Your browser is out-of-date!

Update your browser to view this website correctly. Update my browser now


New PSNEurope columnist Mariana Lopez sets out her 2020 vision

New PSNEurope columnist – audio engineer and senior lecturer in Sound Production and Post Production – Mariana Lopez outlines her hopes for the industry as we enter a new decade

‘Let’s start 2020 with a deeper reflection on audiences’: Mariana Lopez

It’s January, that time of the year in which we are encouraged to stop and reflect on the year ahead of us. A time of the year in which things ‘to do’ pile up as everyone comes back energised from the holiday with new plans and ideas on how to change the world…

…Or maybe not…

As this is my first column, I thought I’d use it to reflect on my wishes for the year ahead and also take this opportunity to introduce myself and give you a taste for the sort of things I’ll be writing about. My name is Mariana Lopez, I’m a senior lecturer in Sound Production and Post Production at the University of York. My research and creative interests are mostly focused on the use of sound design to create accessible film and television productions for visually impaired audiences – a topic that allows me to combine my passion for sound design with my interest in equality of access. I’m often found exploring ways in which to use sound effects to clarify what’s in the visual-channel of a production, while also working with spatial audio to break mixing conventions that free up the format to provide accessible experiences. Some people say it’s niche…I think it isn’t…The number of people with sight loss is estimated to rise to 2.7 million in the UK by 2030 (RNIB). This is a significant audience for film and television, one we must consider when working on audio-visual projects.

It is ideas and actions (yes, actions are important, just talking about issues isn’t enough) on diversity, equality and accessibility that first come to mind when reflecting on my hopes for 2020. I hope that 2020 sees the audio industry embrace diversity more widely. In the last few years there’s been an increasing interest in the representation of women in audio, and it’s been great to see calls for action on this front. Please keep them coming! I hope 2020 makes these efforts wider and, what’s more, makes sure to include non-binary colleagues as well. When I write about gender minorities in audio I make a point of referring to ‘non-male’, rather than female, to make sure I’m including non-binary friends and colleagues. But equality and diversity in audio isn’t only about gender, and I’m hoping that 2020 brings a far greater acknowledgement of other minority groups working in the industry.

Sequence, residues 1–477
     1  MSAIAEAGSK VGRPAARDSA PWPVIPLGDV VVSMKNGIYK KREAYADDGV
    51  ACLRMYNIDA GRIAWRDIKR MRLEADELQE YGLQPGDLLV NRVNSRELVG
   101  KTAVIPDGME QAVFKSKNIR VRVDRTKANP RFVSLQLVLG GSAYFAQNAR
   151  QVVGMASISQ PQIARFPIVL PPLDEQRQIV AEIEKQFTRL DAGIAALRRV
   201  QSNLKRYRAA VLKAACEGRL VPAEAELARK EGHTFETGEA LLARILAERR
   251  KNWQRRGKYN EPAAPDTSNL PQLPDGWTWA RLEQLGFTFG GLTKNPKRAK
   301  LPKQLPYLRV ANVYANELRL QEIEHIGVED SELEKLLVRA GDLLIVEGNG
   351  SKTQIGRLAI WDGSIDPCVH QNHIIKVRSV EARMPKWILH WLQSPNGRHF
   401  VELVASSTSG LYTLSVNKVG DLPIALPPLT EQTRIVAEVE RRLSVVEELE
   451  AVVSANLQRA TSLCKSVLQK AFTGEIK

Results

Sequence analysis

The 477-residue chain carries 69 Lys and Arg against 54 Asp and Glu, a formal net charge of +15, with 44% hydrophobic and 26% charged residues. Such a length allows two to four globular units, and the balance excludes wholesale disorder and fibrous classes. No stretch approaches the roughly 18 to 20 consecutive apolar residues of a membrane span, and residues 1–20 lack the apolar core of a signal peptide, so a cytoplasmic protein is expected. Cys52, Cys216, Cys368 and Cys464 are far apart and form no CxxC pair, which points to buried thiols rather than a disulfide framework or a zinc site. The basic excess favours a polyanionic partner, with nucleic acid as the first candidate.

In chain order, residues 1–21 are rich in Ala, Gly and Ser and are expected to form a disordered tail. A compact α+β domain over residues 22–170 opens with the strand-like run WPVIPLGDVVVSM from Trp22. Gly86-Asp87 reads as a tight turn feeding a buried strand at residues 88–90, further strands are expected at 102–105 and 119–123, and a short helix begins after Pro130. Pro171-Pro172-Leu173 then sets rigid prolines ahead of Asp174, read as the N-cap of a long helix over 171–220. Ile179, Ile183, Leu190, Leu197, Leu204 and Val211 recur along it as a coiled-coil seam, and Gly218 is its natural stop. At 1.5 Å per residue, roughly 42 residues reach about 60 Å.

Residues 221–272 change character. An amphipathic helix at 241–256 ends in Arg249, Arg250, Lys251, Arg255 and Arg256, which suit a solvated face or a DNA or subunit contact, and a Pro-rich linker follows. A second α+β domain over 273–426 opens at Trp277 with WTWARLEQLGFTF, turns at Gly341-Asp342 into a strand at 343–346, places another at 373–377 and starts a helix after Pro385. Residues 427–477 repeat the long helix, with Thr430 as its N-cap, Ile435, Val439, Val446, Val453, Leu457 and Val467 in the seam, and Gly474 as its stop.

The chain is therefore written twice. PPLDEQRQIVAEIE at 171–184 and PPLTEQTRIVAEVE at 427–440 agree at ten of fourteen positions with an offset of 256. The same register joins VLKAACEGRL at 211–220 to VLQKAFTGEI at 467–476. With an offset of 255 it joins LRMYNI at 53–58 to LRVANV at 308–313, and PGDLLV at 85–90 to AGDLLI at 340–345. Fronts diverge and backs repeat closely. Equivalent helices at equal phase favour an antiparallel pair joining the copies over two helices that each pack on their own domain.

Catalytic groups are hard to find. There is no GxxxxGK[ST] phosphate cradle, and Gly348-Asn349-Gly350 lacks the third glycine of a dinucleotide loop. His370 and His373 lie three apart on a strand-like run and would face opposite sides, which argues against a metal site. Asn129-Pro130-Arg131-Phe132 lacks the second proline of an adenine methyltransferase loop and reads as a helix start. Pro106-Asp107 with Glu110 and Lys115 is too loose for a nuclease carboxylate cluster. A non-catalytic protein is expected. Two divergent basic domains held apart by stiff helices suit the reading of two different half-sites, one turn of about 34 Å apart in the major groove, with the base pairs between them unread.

A commitment to diversity and equality has benefits for everyone’s wellbeing. A more inclusive industry that opens doors to people based on their skills—instead of other characteristics that are irrelevant to their craft—creates a more welcoming environment in which work-life balance is acknowledged, mental health is considered as important as physical health and collective effort (regardless of the people’s roles) is championed.

As an educator, I often find myself reflecting on the interconnections between the courses I teach, the lectures I deliver, the opportunities offered to students, and their value to the audio industries. Constant reflection on different approaches to teaching audio is crucial to preparing students to incorporate themselves (if they so wish) into the audio industries, training them to be knowledgeable in their subject area, but also inviting them to be humble and respond positively to feedback, while at the same time questioning current practices, hierarchies and terminology. Thus, an exploration of how audio education is more than just about gaining appropriate subject knowledge is something I’d welcome from 2020.

On a different note, I’m also looking forward to the emergence of bolder and more innovative sound design practices in television drama. I was immensely impressed by the wonderful work done by the sound department in Sally Wainwright’s recent drama Gentleman Jack (BBC One, HBO). The use of sound to break the fourth wall was exciting and brought us even closer to Anne Lister, who was played magnificently by Suranne Jones. Can’t wait for Season Two. I was also thrilled by the work of the sound team and music composer Hildur Guðnadóttir on the mini-series Chernobyl (HBO, Sky UK). The mesh between musical and sound effects plus the use of low frequencies and spatialisation to envelop audiences was breathtaking. I was incredibly tense throughout every episode.

These creative examples bring me to one final interest of mine for 2020: creativity over tech. Although I enjoy learning about new tools and equipment, I actually get more excited learning how these can be used to facilitate innovative creative work, as well as provide new experiences to listeners. I am particularly interested in the field of spatial audio, a field in which there is often a lot of excitement regarding new technologies and formats (more loudspeakers!) but there’s less of a discourse on reflecting on what listeners want. Let’s start 2020 with a deeper reflection on audiences.

Wishing you all a magnificent 2020!